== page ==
Creating safe spaces: One of the best ways to encourage team members to experiment without risk is to create safe spaces, or the idea of “practice fields.” Think of it like a pilot who first learns in a simulator before getting in a real plane with real people and real consequences. A practice field could be as simple as a brainstorm session or a small project that could be a totally new take on solving a common problem.
Encouraging interpersonal relationships: Deep and trusting interpersonal relationships between team members is critical to establishing psychological safety within the team. You should take time to encourage these relationships and create opportunities for them to flourish through team-building activities. This might include outside-the-office activities that can help members get to know one another better.
Staying accessible: Making yourself available and approachable can avoid creating barriers to discussion and instead help team members feel like their ideas are welcomed and valued. One way to accomplish this goal is to set aside “office hours” for team members to share with you any questions or feedback.
Asking for input: Proactively ask your team for their ideas and their feedback. Doing so shows team members you respect their opinions and expertise and encourages them to feel comfortable sharing their thoughts openly. On the flip side, discouraging input or disparaging feedback can prevent team members from sharing for fear of negative consequences.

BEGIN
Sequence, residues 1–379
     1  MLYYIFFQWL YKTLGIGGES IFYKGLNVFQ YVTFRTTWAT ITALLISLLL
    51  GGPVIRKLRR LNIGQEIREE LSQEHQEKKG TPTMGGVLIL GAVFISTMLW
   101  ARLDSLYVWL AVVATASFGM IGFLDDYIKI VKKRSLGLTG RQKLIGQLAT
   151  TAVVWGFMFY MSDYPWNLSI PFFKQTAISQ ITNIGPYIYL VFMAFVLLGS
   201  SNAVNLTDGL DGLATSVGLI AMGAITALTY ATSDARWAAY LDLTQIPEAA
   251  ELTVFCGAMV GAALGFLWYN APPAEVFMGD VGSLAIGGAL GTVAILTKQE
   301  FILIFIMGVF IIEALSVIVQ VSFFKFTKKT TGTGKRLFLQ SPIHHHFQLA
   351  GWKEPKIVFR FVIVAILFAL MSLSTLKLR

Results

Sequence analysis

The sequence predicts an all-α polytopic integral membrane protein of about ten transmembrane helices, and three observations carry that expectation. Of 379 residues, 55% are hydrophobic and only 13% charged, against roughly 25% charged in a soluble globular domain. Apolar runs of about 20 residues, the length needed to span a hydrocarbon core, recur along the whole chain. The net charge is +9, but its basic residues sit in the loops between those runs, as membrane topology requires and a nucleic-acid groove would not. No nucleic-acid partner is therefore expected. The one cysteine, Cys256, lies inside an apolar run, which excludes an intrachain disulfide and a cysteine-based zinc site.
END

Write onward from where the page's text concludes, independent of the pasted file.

Remember that how you react to and handle attempts to provide feedback will determine if people continue offering input.
Healthy Teams: Operating in an environment of genuine care for each other, team members feel free to be vulnerable and know that their opinions are valuable to the team.
Unhealthy Teams: Team members are guarded; they are reluctant to share their thoughts and opinions, express their feelings, or risk making mistakes for fear of negative consequences. Team members internally question each other’s motivations and live in a state of self-preservation.
Significant problems, conflicts and divergent opinions are addressed promptly with team members focused on finding the best solution or outcome as opposed to achieving personal victories.
Conflict on a team is inevitable and, contrary to most people’s assumptions, essential and good. Productive conflict is the primary tool for teams to leverage diverse ideas and perspectives. Without it, teams often make poor decisions, fail to produce high-quality work, overlook important improvement opportunities and stifle innovation.
Participants in productive conflict need to feel safe to voice their opinions and ideas without fear of reprisal or judgement, consider and respect all ideas and opinions, and be committed to finding resolutions.
It’s important to identify the different types of conflict your team may experience so you can make the conflict productive. There are three types of conflict:
Task conflict is disagreeing about a problem, solution or decision. This type of conflict is the only type of conflict that’s productive, necessary and good for your team.
Encourage your team to establish norms for how they engage in task conflict. Two examples of how you can do this are:
Status conflict is about our perceptions of the hierarchy of the team and where we fit. It’s less about job titles and more about informal roles. Status conflict can arise over tenure, experience, responsibility or reporting structure.
The best ways to address status conflict are: